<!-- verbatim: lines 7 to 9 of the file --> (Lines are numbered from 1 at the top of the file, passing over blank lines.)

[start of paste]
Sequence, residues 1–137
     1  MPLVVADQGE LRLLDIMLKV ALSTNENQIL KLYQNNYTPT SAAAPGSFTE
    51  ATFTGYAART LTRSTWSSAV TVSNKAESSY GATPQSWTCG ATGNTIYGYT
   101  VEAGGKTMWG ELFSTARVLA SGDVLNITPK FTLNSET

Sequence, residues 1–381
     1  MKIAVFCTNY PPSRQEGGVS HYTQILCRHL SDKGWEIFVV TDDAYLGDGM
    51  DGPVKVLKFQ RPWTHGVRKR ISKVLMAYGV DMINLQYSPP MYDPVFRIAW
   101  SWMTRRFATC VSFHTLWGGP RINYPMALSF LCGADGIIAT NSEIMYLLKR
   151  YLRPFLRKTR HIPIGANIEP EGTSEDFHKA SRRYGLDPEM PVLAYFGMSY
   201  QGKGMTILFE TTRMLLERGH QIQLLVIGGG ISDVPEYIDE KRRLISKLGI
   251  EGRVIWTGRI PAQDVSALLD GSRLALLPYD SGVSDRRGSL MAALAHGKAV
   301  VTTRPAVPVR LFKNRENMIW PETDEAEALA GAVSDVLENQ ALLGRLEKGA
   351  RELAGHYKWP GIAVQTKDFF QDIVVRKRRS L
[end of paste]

    51  DGPVKVLKFQ RPWTHGVRKR ISKVLMAYGV DMINLQYSPP MYDPVFRIAW
   101  SWMTRRFATC VSFHTLWGGP RINYPMALSF LCGADGIIAT NSEIMYLLKR
   151  YLRPFLRKTR HIPIGANIEP EGTSEDFHKA SRRYGLDPEM PVLAYFGMSY